Domestic violence in women
If the past has shown us anything, it is that domestic violence isn’t biased in Scott County. It affects women of all ages and socioeconomic backgrounds. In the first 10 months of the Scott County Family Justice Center’s operations, the center’s clients ranged in age from 17 to 71.
Domestic violence disproportionately affects women. In 2017, the last year for which statewide statistics have been tabulated, 71% of domestic violence victims in Tennessee were women — meaning women are three times more likely to be victims of domestic violence than men.
Abusive relationships aren’t always easy to identify. They aren’t always like they’re portrayed on TV. But all of them involve one thing: An abuser who relishes power and control in the relationship. Abusive relationships don’t always involve physical violence. Domestic violence takes on many forms, including emotional and sexual abuse, as well as verbal abuse and threats of violence.
According to thehotline.org, “Gaslighting is an extremely effective form of emotional abuse that causes a victim to question their own feelings, instincts and sanity, which gives the abusive partner a lot of power (and we know that abuse is about power and control). Once an abusive partner has broken down the victim’s ability to trust their own perceptions, the victim is more likely to stay in the abusive relationship.”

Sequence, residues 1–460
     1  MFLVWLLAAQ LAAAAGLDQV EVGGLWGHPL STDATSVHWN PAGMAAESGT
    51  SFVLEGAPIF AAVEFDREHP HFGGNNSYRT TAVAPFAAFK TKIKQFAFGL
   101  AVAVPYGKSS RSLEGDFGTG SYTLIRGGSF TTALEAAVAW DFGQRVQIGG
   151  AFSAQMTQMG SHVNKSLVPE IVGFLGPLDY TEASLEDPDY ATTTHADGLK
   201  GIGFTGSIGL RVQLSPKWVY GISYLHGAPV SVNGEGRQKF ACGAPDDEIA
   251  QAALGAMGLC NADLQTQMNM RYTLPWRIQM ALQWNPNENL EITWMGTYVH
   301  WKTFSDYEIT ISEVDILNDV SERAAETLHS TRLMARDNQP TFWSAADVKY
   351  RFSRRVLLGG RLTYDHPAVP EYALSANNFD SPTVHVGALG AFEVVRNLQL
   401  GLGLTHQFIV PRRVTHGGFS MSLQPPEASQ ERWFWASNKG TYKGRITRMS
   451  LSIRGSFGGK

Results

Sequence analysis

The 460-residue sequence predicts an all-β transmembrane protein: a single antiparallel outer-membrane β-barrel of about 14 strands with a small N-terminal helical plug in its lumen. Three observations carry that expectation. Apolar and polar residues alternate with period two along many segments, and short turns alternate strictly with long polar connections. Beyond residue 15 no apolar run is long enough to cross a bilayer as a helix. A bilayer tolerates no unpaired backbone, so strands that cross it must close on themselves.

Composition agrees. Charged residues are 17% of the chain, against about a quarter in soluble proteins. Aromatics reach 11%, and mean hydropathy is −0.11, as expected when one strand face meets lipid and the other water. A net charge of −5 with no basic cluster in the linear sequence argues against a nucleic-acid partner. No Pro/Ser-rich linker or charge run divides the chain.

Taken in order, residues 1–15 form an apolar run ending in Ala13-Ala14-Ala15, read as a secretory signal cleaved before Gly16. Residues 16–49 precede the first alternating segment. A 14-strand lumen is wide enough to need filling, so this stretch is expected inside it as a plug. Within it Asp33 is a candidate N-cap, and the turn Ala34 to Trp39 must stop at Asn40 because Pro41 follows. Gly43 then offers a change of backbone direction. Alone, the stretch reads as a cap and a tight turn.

If you experience any of the following from your spouse or partner, you might be experiencing domestic violence.
• They’re verbally demeaning, either by insulting you or calling you names.
• They prevent you from going to work or school, and don’t want you to see family members or friends.
• They try to control how you spend money, where you go, what you wear — even what medicines you take.
• They act jealous or possessive, or constantly accuse you of being unfaithful.
• They get angry or violent when drinking alcohol or using drugs.
• They threaten you with a weapon, or make other threats about harming you.
• They physically assault you in any way: hitting, kicking, slapping or strangulation. Or they hurt your children or pets.
• They force you to have sex or engage in sexual acts.
Often, an abusive partner will apologize for his or her actions, promising to change and even buying gifts as a means of apologizing. But, too often, the cycle simply repeats itself. And the longer you stay in an abusive relationship, the greater the toll will be that it takes on you. It can lead to depression or anxiety. It can isolate you from your family and friends. It can even cause you to lose your job.